Clever me, I gave away the solution in the original puzzle, but with two sectors switched. It makes the image editing easier.

See the solution disks

There's a slight bit of trickiness in the solution: one of the disks has been flipped over.

If you're curious how to deduce the solution, there are any number of ways, all of which are difficult to explain briefly. But here are a few facts:

- The full sequence of numbers will repeat every twelve numbers.
- The sum of the twelve numbers must be the square of the number of transparent sectors.
- A zero in the sequence proves that no more than 6 sectors are transparent.
- If the disks are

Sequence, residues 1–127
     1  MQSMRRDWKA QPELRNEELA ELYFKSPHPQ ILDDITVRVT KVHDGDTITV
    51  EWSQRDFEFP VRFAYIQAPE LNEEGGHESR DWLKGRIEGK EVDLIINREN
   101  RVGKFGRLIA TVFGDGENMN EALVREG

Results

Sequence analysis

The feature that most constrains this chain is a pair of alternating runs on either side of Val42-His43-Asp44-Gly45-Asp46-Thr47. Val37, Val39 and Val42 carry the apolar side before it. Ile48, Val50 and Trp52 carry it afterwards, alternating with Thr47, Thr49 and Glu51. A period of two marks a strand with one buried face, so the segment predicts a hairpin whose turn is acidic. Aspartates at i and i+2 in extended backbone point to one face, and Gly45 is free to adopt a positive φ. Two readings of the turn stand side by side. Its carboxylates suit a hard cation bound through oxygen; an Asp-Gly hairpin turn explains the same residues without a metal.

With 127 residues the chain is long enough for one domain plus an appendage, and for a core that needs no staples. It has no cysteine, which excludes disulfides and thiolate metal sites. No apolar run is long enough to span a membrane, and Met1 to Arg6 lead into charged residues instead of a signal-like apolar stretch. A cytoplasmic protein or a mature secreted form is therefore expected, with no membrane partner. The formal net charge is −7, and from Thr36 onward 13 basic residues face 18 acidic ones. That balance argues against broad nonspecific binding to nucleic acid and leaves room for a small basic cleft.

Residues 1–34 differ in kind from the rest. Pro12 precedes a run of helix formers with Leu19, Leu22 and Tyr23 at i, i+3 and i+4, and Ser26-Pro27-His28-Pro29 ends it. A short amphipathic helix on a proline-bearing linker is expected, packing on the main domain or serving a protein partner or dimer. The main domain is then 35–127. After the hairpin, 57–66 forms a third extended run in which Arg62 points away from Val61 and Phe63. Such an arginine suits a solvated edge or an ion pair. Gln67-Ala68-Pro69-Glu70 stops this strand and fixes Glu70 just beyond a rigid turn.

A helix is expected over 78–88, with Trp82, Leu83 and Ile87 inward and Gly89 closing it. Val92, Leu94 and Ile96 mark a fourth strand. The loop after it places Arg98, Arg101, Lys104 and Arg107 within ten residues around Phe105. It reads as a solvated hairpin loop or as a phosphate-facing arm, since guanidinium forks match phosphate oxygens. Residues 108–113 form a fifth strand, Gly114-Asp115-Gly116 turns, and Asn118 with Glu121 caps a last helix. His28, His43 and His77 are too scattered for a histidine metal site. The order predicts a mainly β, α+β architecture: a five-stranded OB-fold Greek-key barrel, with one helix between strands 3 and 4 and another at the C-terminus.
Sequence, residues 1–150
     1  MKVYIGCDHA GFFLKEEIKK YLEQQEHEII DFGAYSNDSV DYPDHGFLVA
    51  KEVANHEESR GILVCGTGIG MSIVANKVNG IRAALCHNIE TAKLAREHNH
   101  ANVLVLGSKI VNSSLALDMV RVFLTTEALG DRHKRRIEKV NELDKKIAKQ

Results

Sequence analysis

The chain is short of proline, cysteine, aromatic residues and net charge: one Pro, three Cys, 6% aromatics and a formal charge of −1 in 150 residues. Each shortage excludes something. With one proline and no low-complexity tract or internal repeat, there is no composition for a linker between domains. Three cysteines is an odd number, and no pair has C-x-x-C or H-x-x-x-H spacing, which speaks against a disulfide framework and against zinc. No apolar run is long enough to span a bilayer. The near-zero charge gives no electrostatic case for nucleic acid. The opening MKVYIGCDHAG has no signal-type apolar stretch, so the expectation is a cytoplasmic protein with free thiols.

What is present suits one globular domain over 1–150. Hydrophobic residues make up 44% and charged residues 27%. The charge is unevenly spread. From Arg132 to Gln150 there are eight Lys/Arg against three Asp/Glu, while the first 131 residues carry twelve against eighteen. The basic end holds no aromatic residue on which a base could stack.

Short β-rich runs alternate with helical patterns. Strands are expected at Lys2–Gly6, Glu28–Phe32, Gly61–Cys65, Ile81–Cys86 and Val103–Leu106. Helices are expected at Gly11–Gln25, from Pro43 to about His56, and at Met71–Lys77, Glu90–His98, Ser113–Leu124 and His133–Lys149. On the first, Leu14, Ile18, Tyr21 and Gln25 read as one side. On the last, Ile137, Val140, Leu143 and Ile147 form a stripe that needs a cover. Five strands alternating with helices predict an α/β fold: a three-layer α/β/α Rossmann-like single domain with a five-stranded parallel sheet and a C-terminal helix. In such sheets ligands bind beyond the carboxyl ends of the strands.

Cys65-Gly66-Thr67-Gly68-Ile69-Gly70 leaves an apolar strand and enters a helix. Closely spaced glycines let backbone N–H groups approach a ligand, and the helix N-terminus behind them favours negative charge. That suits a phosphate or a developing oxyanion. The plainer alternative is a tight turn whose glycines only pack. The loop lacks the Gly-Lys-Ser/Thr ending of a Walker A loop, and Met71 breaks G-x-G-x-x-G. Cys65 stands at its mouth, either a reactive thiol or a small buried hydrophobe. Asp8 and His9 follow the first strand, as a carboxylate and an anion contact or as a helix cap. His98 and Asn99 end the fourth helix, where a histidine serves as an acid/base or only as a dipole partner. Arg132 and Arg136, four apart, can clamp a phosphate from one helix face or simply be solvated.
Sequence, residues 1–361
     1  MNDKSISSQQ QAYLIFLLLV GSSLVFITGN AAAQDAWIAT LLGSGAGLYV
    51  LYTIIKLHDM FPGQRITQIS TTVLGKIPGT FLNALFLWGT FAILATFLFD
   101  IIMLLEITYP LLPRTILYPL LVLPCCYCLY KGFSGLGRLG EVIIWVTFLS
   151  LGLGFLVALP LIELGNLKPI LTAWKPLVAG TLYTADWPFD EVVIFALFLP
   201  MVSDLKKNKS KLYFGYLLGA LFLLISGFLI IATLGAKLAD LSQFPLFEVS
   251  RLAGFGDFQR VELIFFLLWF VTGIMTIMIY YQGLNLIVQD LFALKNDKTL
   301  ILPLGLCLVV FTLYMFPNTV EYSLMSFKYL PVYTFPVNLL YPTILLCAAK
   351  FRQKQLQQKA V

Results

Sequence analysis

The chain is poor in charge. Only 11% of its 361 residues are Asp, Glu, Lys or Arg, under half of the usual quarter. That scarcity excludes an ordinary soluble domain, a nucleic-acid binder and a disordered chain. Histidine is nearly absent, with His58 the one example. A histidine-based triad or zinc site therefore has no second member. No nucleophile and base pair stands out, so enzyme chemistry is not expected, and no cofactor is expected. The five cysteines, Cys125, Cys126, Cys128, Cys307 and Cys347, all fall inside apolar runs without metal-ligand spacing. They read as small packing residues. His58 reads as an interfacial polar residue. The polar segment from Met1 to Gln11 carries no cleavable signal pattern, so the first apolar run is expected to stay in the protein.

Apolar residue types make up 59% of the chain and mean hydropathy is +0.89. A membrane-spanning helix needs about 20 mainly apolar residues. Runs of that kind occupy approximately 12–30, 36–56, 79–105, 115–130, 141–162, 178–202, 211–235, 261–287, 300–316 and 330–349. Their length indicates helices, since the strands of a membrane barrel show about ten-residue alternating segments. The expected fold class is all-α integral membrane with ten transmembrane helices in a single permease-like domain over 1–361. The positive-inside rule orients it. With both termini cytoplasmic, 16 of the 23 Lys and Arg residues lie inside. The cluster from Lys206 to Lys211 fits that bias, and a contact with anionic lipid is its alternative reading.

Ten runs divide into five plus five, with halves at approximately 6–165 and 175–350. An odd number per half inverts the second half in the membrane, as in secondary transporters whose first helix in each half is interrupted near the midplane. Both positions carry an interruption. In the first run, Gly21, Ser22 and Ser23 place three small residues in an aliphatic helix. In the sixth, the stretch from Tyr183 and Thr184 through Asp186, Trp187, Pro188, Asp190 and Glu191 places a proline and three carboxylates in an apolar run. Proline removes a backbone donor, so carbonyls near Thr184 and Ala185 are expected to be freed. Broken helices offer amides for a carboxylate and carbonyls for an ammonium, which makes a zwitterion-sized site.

*not*flipped relative to each other, then the sequence will look like A,B,C,D,E,F,G,F,E,D,C,B. 'A' must equal the number of transparent sectors. - Let's say that each disk has 6 transparent sectors, the disks are flipped relative to each other, and that part of the sequence looks like 0,A,B,C,D,... Then there are exactly A transparent sectors such that if we go 1 sector clockwise, the sector is opaque. There are exactly B transparent sectors such that if we go 2 sectors clockwise, the sector is opaque. And so forth.

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